The case for crude oil exports

May 1, 2014

Crude oil exports would be beneficial to the United States is the near-unanimous verdict of 30 economists in a recent Associated Press poll.

Crude oil exports would be beneficial to the United States is the near-unanimous verdict of 30 economists in a recent Associated Press poll. Another survey reveals that oil-field services companies and upstream producers already see shale production as an important, even their most important, revenue driver.

In other shale-related developments, MarkWest Energy Partners is taking on additional gas-processing capacity and BASF is evaluating an investment in a world-scale methane-to-propylene complex on the U.S. Gulf Coast.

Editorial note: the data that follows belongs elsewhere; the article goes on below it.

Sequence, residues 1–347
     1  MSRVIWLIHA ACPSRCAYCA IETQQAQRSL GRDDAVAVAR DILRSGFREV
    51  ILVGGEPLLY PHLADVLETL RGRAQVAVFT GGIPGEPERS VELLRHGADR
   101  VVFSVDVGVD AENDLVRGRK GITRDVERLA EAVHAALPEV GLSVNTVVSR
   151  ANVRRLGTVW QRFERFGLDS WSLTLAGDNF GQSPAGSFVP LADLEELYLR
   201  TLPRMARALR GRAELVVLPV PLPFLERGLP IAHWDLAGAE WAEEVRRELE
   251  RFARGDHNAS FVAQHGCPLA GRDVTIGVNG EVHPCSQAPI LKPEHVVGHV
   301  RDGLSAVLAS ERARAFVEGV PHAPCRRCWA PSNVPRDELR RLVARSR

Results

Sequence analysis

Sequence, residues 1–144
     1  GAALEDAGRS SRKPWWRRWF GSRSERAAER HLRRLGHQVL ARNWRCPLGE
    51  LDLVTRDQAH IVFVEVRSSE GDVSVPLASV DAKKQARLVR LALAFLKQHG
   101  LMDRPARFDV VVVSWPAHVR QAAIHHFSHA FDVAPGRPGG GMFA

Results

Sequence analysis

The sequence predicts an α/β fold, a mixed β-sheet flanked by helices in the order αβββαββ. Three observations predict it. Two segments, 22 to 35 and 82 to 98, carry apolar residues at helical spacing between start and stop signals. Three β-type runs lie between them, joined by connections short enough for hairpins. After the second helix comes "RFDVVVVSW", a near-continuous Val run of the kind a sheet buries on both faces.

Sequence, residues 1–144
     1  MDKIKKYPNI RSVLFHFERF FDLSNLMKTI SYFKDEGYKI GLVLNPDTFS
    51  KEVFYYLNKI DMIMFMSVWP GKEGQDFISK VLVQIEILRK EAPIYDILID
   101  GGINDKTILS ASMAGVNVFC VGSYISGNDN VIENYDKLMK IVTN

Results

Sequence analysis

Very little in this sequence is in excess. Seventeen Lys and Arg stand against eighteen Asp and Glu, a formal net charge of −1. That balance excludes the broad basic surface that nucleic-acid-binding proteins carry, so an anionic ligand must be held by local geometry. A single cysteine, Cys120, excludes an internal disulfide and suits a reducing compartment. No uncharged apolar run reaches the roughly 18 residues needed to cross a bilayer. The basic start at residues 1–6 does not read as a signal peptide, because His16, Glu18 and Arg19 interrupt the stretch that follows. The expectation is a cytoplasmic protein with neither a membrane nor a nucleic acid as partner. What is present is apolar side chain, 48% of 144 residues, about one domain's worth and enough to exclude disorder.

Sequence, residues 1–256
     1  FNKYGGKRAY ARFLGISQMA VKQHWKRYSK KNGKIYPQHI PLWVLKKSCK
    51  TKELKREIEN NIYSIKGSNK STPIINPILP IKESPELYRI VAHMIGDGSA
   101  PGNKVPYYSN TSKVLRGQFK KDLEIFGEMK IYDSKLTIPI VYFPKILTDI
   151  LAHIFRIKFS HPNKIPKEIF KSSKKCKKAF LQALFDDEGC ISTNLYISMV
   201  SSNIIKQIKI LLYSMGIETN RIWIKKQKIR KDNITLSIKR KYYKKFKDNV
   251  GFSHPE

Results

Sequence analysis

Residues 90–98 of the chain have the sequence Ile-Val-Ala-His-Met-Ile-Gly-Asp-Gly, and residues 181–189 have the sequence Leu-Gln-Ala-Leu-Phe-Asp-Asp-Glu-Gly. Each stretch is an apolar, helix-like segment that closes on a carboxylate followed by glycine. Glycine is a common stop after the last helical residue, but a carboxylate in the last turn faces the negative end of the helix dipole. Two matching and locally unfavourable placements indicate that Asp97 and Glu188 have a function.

The Associated Press survey found that nine in 10 economists surveyed believe crude oil exports would lead to an oil and gas investment surge, not just in production but also for transportation and logistics. Jobs would be created and domestic oil and gas supplies more stable. It would reduce the U.S. trade deficit.

Any potential fuel price rise, those surveyed feel, would outweigh potential disadvantages. Ways could be found, for example, to help those struggling with increased fuel prices, such as introducing tax breaks.

Shale development crucial

In the other survey, more than half of U.S. oil field services companies and 40% of independent upstream producers see shale development and production as crucial to their business, contributing the majority of their 2014 revenue, according to UHY LLP Certified Public Accountants and Oil & Gas Financial Journal.